Infections in children treated for cancer contribute to morbidity and mortality. There is a paucity of studies on the incidence, etiology, risk factors and outcome of bacterial infections in African children treated for cancer. The aim of the study was to delineate the epidemiology of infectious morbidity and mortality in children with cancer.
The study enrolled children 1–19 years old with cancer and infections. Children were investigated for infection as part of standard of care.
One hundred sixty-nine children were enrolled, 82 with hematologic malignancies and 87 with solid tumors and 10.7% were HIV infected. The incidence (per 100 child-years) of septic episodes (101) microbiologically confirmed (70.9) septic episodes, Gram-positive (48.5) and Gram-negative (37.6) sepsis was higher in children with hematologic malignancies than in those with solid tumors. The most common Gram-positive bacteria were Coagulase-negative Staphylococci, Streptococcus viridans and Enterococcus faecium, while the most common Gram-negative bacteria were Escherichia coli, Acinetobacter baumannii and Pseudomonas species. The C-reactive protein and procalcitonin was higher in microbiologically confirmed sepsis. The case fatality risk was 40.4%; 80% attributed to sepsis. The odds of dying from sepsis were higher in children with profound [adjusted odds ratio (aOR) = 3.96; P = 0.004] or prolonged neutropenia (aOR = 3.71; P = 0.011) and profound lymphopenia (aOR = 4.09; P = 0.003) and independently associated with pneumonia (53.85% vs. 29.23%; aOR = 2.38; P = 0.025) and tuberculosis (70.83% vs. 34.91%; aOR = 4.3; P = 0.005).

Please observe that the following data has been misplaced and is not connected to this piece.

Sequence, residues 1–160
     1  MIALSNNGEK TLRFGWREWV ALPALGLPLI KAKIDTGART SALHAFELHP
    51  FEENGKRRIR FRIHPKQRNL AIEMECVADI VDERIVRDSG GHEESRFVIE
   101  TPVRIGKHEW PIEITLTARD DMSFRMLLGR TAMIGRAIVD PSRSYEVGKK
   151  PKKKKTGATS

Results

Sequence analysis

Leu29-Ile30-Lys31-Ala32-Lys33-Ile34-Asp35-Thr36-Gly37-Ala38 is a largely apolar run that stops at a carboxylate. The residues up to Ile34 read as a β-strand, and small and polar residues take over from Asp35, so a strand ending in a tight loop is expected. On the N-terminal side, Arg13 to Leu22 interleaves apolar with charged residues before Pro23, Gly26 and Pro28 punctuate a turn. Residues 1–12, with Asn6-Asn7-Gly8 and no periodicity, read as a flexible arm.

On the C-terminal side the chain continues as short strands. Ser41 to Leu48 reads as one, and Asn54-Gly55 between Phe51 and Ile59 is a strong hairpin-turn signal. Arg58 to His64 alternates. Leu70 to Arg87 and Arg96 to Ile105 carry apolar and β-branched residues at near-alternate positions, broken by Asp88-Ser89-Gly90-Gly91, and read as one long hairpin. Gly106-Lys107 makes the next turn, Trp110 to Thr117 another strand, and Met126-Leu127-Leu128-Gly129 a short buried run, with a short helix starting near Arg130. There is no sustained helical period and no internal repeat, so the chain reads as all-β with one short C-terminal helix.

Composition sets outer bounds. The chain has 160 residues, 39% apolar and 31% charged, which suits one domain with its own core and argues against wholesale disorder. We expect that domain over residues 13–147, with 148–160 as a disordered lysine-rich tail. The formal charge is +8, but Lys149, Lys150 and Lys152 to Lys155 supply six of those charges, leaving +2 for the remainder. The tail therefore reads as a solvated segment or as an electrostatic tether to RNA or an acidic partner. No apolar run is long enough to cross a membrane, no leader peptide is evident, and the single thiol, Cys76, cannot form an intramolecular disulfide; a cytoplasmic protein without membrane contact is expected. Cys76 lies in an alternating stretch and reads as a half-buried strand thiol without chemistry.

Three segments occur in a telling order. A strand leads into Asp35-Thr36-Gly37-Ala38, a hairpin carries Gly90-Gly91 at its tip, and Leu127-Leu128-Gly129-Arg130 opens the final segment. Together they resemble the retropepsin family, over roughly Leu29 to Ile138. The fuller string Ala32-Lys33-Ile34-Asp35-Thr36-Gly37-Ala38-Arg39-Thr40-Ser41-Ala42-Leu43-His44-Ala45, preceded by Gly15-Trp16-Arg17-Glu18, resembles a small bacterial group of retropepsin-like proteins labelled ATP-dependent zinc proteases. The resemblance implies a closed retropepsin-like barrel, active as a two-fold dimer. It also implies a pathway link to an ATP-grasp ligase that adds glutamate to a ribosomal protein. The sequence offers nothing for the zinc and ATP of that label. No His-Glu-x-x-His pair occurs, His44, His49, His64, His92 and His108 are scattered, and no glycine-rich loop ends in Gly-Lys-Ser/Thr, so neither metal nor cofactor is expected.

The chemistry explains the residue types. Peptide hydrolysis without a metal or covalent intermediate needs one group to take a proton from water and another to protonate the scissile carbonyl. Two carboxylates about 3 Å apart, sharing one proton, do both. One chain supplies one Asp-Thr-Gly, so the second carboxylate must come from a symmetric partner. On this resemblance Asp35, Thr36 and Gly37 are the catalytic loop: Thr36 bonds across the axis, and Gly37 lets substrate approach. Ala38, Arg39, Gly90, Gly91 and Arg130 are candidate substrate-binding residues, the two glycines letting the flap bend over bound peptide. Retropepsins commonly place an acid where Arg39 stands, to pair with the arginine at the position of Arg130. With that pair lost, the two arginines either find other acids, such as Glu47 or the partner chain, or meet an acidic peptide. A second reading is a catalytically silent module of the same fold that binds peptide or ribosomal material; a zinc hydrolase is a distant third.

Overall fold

The study emphasizes the high burden of sepsis in African children treated for cancer and highlights the association of tuberculosis and pneumonia as independent predictors of death in children with cancer.